A few weeks ago, Apple announced that it's getting truly serious about running, adding a bundle of new features that will put the Apple Watch in direct competition with Garmin. Following the update to WearOS 9 later this year, Apple Watches will be able to measure running power (without the need for any additional accessories), plus metrics like stride length, ground contact time, and vertical oscillation.
It's impressive, but software alone isn't going to be enough to make runners, hikers, and climbers trade in their Garmin, Coros, and Polar devices. The Apple Watch just isn't tough enough for life on the trails or the crag – but that might be about to change.
It's hard to foresee Apple making drastic changes to the classic Apple Watch as we know it. In fact, the Apple Watch 6 and 7 are nearly identical to the naked eye, with the latter having a fractionally larger display. However, the company could shake things up by releasing a completely new device alongside the classic Apple Watch – something that can compete with the best Garmin watches on the hardware side as well.
Rumors about an Apple Watch Rugged Edition began last year, when Mark Gurman of Bloomsberg shared a snippet of insider info in his regular Power On newsletter. Gurman, who has established himself as an authority on all things Apple, wrote that the company was investigating the possibility of building a tougher smartwatch with 'extreme sports' in mind.
The watch failed to materialize with the launch of the Apple Watch 7 later in the year, but Gurman still believes it's in the works, and has now suggested that the Rugged Edition may well appear alongside the Apple Watch 8.
Apple's 2022 product showcase is fast approaching (the event typically takes place in the fall), and may give us out first glimpse of this new watch, if it does indeed exist. However, it's got its work cut out if it's going to tempt Garmin users away.
Much, much longer battery life
The biggest hurdle for the Apple Watch Rugged Edition will be battery life. The Apple Watch 7 has to be placed on its charger every day, whereas the best GPS watches can go weeks between charges in ordinary use, or even months if equipped with the company's photovoltaic Power Glass.
One-day battery life just isn't good enough for a true sports watch, so Apple may need to make some sacrifices, such as downgrading the watch's screen to something less power-hungry than its current always-on Retina display, and crafting a chunkier case that can house a larger power cell.
A touch of plastic
When the going gets tough, the tough use resin. The Apple Watch is known for its sleek all-metal case, but that's not the most practical choice for a knockabout lifestyle. Garmin's must rugged watches, the Instinct series, have cases made entirely from fiber-reinforced resin that's hard to scuff, lightweight, and shock absorbent. Other watches like the Fenix 7 have a layer of metal over the bezel and lugs, with resin underneath.
Even full-metal sports watches like the forthcoming Casio G-Shock GA-B001 feature carefully placed internal resin structures to protect their internal components.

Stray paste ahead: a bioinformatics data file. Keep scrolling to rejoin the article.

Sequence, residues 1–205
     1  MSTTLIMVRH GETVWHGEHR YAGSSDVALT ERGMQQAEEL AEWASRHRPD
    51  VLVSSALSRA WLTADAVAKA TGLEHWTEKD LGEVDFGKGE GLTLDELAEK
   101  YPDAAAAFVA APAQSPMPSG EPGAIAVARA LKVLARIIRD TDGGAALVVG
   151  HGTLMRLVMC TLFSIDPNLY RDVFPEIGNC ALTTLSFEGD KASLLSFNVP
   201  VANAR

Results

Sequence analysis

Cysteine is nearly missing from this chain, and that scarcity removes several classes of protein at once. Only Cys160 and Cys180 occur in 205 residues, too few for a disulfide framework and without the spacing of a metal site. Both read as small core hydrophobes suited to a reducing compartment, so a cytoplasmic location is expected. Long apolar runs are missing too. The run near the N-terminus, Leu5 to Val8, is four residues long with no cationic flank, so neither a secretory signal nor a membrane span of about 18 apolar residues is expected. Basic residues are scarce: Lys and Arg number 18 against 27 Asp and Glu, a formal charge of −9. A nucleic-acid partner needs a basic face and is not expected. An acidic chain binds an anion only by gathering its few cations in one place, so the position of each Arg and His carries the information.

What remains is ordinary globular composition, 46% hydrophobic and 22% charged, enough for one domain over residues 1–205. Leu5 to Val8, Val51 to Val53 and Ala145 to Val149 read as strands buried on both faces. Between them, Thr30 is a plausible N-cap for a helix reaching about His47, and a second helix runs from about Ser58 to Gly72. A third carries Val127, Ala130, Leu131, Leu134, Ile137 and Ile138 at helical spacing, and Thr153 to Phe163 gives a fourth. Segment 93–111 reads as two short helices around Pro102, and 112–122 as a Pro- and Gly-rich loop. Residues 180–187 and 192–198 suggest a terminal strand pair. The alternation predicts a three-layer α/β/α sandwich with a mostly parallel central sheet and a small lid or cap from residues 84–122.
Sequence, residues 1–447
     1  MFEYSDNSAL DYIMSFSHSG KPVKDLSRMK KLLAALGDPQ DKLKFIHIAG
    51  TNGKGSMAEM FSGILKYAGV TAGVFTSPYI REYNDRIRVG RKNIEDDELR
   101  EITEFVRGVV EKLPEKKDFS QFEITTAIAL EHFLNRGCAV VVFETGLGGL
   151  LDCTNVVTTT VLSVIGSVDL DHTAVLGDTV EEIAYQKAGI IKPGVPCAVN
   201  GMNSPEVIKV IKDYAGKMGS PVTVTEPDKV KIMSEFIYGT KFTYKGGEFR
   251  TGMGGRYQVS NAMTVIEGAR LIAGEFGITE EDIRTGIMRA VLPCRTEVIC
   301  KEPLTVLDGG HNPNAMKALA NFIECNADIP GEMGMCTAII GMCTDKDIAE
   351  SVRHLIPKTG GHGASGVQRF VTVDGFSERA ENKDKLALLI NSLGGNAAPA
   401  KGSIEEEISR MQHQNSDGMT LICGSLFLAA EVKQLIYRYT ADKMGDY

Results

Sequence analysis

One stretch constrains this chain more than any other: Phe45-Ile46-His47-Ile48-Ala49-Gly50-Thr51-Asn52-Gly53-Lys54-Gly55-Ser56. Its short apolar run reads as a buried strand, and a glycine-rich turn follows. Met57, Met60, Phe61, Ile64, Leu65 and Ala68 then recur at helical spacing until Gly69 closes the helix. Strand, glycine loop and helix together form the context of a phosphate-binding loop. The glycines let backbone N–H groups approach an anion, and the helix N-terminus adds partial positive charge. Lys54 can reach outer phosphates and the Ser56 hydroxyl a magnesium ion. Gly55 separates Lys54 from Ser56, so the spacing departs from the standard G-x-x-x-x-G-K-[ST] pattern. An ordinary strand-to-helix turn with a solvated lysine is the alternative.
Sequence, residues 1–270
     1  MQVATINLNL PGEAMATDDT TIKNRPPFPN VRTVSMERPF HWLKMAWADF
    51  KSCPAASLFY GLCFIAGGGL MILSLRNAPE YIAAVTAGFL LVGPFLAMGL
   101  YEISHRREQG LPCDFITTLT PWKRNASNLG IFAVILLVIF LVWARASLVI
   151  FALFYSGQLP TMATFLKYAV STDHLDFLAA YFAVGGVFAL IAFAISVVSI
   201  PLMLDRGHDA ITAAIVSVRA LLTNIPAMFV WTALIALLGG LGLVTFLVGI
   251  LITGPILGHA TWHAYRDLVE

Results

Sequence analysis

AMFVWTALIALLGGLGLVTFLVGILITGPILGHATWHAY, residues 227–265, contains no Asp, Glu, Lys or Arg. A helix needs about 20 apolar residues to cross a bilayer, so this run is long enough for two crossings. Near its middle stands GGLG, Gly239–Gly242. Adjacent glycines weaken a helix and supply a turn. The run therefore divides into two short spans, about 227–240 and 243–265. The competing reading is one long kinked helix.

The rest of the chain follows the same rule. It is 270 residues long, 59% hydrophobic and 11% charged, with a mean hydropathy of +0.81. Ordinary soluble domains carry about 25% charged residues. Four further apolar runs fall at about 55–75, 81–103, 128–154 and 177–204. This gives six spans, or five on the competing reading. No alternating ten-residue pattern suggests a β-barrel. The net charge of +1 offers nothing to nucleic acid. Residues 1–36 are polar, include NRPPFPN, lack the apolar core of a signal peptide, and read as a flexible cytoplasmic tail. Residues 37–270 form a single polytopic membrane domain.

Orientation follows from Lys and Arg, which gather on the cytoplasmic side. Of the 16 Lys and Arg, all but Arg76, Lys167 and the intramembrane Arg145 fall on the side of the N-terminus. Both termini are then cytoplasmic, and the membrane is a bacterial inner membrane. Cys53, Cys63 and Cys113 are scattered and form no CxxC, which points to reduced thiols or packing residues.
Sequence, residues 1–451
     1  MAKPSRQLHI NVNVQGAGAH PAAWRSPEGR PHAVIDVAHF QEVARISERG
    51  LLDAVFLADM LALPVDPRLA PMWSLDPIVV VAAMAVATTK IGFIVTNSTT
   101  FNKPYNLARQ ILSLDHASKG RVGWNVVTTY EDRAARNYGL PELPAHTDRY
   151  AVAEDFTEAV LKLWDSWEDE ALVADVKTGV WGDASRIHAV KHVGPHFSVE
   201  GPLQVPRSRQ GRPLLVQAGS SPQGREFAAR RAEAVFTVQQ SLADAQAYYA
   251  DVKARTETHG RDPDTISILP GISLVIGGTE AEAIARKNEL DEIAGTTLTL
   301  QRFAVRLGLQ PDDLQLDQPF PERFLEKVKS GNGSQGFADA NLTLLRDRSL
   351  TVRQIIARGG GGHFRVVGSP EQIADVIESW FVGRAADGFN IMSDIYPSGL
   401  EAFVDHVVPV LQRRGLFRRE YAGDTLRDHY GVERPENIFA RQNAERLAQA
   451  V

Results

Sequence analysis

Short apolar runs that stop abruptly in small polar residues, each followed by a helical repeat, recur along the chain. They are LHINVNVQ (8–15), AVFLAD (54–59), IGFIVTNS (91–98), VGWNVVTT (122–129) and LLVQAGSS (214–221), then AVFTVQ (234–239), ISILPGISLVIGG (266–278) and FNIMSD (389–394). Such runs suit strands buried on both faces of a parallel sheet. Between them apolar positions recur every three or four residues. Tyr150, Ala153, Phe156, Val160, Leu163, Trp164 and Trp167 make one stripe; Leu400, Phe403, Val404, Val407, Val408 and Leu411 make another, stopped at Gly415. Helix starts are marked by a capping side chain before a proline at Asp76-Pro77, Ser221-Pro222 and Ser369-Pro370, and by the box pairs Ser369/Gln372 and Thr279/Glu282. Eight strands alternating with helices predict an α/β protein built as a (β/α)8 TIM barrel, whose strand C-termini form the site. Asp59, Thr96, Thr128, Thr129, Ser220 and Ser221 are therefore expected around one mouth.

It might not look quite as smooth and chic, but the Apple Watch Rugged Edition will likely need to expand into less glamorous materials.
Buttons (and lots of them)
I've mentioned it before, but one of the Apple Watch 7's biggest downfalls as a sports watch is its lack of physical buttons. The Digital Crown is lovely to use, scrolling smoothly through menus and down pages, but it's not easy to operate with wet, cold, or gloved hands – and you can forget about the touchscreen.
Garmin has started equipping its Fenix and Forerunner lines with touchscreens, but it's kept the five physical buttons around the circumference of the case that make them easy to operate in harsh or wet conditions. All the other big sports watch brands (including Coros, Polar, and Suunto) use a similar control system for exactly the same reason, and if Garmin wants to steal their lunch, it'll need to follow their example.
Apple Fitness Plus gives you access to a huge (and rapidly growing) catalog of video workouts, including guided runs. However, although you get a free trial when you buy an Apple Watch, once that expires you'll have to pay $9.99 / £9.99 per month or $79.99 / £79.99 per year to keep using it.
Garmin doesn't have anything similar, but what it does have are customizable run coaching programs designed to help you achieve a goal by a certain date (such as running a 10k in a particular time), with training sessions that adapt based on your fitness and past performance.
If Apple wants to compete, it will at least need to make its Time to Run sessions freely available to Apple Watch Rugged Edition owners so they don't feel obliged to pay a subscription fee to get the most out of their watch.
All the latest inspiration, tips and guides to help you plan your next Advnture!
Cat is the editor of Advnture, She’s been a journalist for 13 years, and was fitness and wellbeing editor on TechRadar before joining the Advnture team in 2022. She’s a UK Athletics qualified run leader, and in her spare time enjoys nothing more than lacing up her shoes and hitting the roads and trails (the muddier, the better).